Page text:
With fall approaching now is a good time to get chainsaws tuned up and ready. Thought I would take another stab at getting the STIHL 0011 AVT arborist chainsaw working. Really like the small chainsaw. You can use it for an hour and it doesn’t tire you out. the power to weight ratio was excellent. The originally came from a neighbor that I had helped move. It started up just fine after sitting for a few years in his storage shed. I used it for 2 years and it then just stopped running. It would start and then just bog out.
The first thing I did was take it to an STIHL dealer. The staff was helpful and polite, but the service person comments the fix would cost more than what the saw was worth. This was a real blow. I really like this saw, but to be turned away from a certified STIHL dealership? Geez!
Well, there is always a bright side. Make a video, post it on YouTube and maybe on of the viewers can offer a hand. First video found here: https://youtu.be/H7dTAQEDu5w
In this video, the fuel filter was removed from the fuel tank. Used a forsnips to extract the fuel line and car remove the filter. Also take a look at the exhaust port and the route for spark plug wire.
Had some time off during Spring Break in March. Decided it was a good time to remove some trees that were diseased and to close to cabin.
Side note: Personally, I don’t like to cut down trees, I like the shade and privacy they offer. But these were too close to the structure and could come down in a wind storm.
My good neighbour, who had more experience with these type of trees, came over and gave me a hand felling the trees. He had a just sharpened, sweet Stihl MS-241 that just cut through the trees like hot knife through butter.
After the trees were cut down (off camera), my task was to the de-limb the branches. It’s a time consuming process of cutting and dragging away the branches. If you are lucky enough to have a helper, it goes much quicker.
Once all the branches are removed, the logs are easier to move around. The plan was to drag the logs up the hill and cut the logs up. They will then be stacked for the summer and dried.
The key to cutting firewood, is to not move the logs or piles more than you need to. Very labor intensive for one person. I prefer to cut the logs in an area where there is a lot of foot traffic. The wood shavings from the chainsaw makes the ground less dusty, holds the moisture in the dirt and is nice to walk on.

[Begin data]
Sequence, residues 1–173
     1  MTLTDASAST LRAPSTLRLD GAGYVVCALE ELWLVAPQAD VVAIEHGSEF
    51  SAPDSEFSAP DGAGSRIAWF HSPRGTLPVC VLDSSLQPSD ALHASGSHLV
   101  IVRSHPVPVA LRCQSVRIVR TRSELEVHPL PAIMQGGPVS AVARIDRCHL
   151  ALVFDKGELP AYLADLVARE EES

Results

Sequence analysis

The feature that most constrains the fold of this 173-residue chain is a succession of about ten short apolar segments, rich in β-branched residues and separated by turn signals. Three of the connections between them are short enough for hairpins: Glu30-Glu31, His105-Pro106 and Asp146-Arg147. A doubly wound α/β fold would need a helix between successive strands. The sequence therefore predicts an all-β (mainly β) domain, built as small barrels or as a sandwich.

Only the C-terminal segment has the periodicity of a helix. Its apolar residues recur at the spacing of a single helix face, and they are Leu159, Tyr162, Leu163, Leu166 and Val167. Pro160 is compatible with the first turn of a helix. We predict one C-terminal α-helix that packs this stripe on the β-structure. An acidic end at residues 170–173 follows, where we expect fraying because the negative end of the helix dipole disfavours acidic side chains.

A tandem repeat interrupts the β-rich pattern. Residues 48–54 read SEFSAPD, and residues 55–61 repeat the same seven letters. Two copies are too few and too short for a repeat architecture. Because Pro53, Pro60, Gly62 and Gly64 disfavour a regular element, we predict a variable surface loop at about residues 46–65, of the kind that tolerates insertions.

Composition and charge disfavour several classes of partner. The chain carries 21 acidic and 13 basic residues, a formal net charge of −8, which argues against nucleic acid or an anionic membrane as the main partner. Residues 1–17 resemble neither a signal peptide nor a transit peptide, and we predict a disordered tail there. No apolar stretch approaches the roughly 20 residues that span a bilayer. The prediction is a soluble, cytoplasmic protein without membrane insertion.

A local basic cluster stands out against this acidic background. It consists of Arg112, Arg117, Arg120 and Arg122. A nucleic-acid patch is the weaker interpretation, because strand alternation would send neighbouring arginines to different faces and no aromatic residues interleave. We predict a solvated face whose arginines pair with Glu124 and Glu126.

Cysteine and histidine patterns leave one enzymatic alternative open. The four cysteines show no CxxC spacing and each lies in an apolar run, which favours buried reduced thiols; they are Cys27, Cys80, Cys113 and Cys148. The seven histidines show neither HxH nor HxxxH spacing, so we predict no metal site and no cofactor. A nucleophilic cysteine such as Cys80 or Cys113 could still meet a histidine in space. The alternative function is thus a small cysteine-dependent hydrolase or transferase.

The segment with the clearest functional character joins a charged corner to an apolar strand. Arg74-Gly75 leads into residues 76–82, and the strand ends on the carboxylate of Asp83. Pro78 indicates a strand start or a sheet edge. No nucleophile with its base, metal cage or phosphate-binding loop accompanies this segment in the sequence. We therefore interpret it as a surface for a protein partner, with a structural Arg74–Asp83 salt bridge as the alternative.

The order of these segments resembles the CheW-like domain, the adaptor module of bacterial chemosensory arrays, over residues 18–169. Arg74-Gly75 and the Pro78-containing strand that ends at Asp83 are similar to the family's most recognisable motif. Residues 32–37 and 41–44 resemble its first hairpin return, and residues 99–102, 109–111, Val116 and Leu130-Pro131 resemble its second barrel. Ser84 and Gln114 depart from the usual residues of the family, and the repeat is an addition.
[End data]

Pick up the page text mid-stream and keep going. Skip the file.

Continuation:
In the next video, the logs will be dragged by a powered winch to a landing and processed into firewood or timber for building. I’ll talk about a DC Powered winch-in-a-bag by Mastercraft
The long weekends have always been the cottage or cabin season opener. That’s when the ice has finally melted and moved off the lake. Most of the snow is gone and the recreational home is prepared for the summer. Lucky for me, a bunch of pals offered to give a hand and make this transition much easier.
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Music credit: Drop and Roll, by Silent Partner
Have a new addition for the workshop. Two, large bench vises. In great condition. Found a huge 6″, heavy-duty, American made bench vise on Craigslist. The seller, was located out in the countryside at a retirement community. The older gentleman, who was selling it, had moved from a larger home with workshop to a smaller home. Unfortunately, he didn’t have a workshop at the new place. He only wanted $40.00 for it. Which I thought was a great price. I’ve looked at the prices range from $60.00 – $180.00. It was only a 45 minute drive from our place, plus I could pop by and visit a recently retired friend of the family. As we met up and I told our friend of my find, he said he had an extra older bench vise in his workshop and was welcome to have it. Wow! That was super generous.